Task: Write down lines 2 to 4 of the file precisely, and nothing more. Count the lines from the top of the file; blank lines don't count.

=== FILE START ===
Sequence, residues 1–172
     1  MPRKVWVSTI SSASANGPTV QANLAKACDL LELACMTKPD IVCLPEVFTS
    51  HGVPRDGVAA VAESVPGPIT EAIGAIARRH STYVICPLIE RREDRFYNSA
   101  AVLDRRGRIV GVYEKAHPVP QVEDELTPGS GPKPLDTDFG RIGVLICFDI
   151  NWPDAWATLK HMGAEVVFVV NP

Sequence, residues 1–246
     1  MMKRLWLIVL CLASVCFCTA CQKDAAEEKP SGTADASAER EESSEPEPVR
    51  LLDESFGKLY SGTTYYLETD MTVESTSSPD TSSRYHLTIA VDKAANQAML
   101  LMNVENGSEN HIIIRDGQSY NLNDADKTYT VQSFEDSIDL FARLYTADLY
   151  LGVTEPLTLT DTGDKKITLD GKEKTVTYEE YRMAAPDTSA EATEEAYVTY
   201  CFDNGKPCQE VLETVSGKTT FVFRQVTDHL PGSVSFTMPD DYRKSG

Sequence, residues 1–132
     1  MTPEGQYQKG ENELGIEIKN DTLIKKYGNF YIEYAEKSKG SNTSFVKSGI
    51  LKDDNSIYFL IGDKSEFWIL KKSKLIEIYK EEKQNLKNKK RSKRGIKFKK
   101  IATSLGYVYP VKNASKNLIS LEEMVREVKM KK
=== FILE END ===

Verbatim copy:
     1  MPRKVWVSTI SSASANGPTV QANLAKACDL LELACMTKPD IVCLPEVFTS
    51  HGVPRDGVAA VAESVPGPIT EAIGAIARRH STYVICPLIE RREDRFYNSA
   101  AVLDRRGRIV GVYEKAHPVP QVEDELTPGS GPKPLDTDFG RIGVLICFDI